Ideas are expressed only by signs. When ideas he may do so only by symbols. Our a man would convey to his brother his language is but a succession of signs. Words are symbols, signs of an idea. But we as free and accepted Masons choose also to speak to one another by material symbols. These stand for certain truths we hold as necessary to Masonry and fundamental to true manhood. These rods, borne by the stewards, are of value only as they are signs of ideas. As Masons we seek the interpretation of these ideas and desire faithfully to inculcate them in the minds of all who shall hereafter accept our vows.
The first idea they symbolize is that of protection. The stewards, bearing these rods, meet the candidate at the door. He is thus assured that all his interests are to be safe-guarded. He may commit himself implicitly to the stewards, for the emblems of their offlce signify security and protection. This is among the highest comforts of man, to feel the safety vouchsafed by the confident strength of hiS brothers. It is surpassed only by the protection man realizes as he commits himself into the safe keeping of his Creator. David expressed the confidence in such a trust by the symbol of a rod, "When I walk through the valley of the shadow of death, I will fear no evil for thou art with me, Thy rod and Thy staff they comfort me."
There is corresponding obligation upon the part of the stewards. The implicit trust of a brother calls for a faithful discharge of your stewardship. The security you afford within the lodge must be widened by the daily conduct in society. Let it never be said of you as Emerson said of some of his generation: "What you are speaks so loud I cannot hear what you say."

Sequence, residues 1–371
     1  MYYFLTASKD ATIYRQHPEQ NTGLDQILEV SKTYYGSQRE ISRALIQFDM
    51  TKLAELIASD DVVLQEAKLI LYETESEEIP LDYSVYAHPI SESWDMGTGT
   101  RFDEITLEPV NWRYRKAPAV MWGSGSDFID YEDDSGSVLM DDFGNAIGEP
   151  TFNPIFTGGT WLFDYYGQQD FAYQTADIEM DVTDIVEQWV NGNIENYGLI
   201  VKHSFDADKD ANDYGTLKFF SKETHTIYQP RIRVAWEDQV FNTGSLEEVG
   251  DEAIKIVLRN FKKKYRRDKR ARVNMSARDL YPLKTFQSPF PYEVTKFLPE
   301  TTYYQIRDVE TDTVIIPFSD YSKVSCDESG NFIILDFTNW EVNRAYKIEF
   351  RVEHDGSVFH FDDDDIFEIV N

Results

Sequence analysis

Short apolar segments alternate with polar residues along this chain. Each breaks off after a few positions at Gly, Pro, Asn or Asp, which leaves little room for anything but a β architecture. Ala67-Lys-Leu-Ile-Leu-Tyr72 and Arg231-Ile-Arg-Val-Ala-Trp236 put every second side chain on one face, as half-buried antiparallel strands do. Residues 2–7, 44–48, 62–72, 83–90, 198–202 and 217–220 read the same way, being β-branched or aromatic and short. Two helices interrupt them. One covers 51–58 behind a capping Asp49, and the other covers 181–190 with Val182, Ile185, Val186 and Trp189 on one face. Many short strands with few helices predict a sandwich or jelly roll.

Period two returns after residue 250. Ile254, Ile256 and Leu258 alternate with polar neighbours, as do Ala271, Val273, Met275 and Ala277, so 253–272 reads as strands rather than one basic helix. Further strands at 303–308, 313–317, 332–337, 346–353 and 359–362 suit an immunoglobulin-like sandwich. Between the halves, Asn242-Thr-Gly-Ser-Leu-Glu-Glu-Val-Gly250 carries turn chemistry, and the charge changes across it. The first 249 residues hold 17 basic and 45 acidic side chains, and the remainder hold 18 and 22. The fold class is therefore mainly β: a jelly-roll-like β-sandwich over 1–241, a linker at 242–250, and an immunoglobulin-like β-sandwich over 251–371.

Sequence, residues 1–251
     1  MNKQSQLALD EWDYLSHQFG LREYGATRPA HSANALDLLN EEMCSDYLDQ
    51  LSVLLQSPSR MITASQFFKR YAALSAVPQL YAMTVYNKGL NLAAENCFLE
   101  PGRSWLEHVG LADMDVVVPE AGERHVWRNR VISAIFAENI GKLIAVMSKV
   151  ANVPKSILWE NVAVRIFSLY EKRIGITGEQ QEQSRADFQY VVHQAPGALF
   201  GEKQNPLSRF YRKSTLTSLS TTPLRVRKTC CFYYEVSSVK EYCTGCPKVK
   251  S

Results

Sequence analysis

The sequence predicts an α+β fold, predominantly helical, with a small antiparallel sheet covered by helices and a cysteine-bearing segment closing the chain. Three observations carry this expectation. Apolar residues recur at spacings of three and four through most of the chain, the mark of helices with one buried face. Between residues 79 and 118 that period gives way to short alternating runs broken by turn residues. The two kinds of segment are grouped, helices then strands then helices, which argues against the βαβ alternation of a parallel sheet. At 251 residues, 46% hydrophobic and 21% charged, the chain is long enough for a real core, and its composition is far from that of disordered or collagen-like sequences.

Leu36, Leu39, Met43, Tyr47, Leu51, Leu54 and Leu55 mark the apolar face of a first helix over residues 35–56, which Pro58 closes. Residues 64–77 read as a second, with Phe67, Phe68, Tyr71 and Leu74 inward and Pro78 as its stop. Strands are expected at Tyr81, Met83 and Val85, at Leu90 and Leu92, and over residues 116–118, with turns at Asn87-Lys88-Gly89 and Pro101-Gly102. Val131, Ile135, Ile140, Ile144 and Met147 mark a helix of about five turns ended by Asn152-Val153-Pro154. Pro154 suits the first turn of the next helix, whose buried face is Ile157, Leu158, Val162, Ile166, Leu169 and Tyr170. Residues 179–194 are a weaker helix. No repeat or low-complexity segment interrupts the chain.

The second symbol is progress. You are to meet the candidate, not as stationary guards but as those who shall mark the path of progress as you advance from knowledge to knowledge in Masonry. The advance you assist him in making is unhasting and unresting. You are ever urging him to further light and wisdom. The rods you bear represent the divinely appointed state of man. Truth comes slowly but eternally. Man can never attain to perfect knowledge here. He must always confess "Now I know in part." To indicate by word or conduct that full knowledge is ours, is to arrest the purpose of the Creator in us. To symbolize in unforgettable fashion the progress of the mind toward the light is to render a service of incalculable worth to any man.
The rods symbolize guidance. Neatly imbedded in the head of each rod is a star. From time immemorial the stars have been the guiding fingers for man. He has been guided by them across the trackless desert, through the tangled wilderness and over the snowbound waste of the long Polar nights. The deep sea has not been able to lose the sailor, for the friendly stars have led him unerringly to his port of entry. So the rods are set for the proper and true guidance in the truths of Masonry. But truth cannot exist apart from incarnation. A thousand blazing symbols of metal fashioned bring neither comfort nor light except they live in daily conduct. You who bear the emblem of guidance must of necessity incarnate the moral worth indicated by your high office.
The symbols can only have meaning as they find the translation of their meaning first in the quality of merit in the men who bear them. Your dignity, fidelity and uprightness make meaningful and winsome all the moral virtue of protection, progress and guidance. Other offices, within the lodge, may be invested with more honor but your constant and necessary duties make incumbent upon you a most solemn and serious performance of the work assigned you. As you invest your office with this three fold significance, will you lift it out of mere perfunctory routine into high and noble symbolism. Those who take their first steps in Masonry under your tutelage will catch a vision of the sublimer possibilities and conserve for succeeding generations, the value of our worthy order.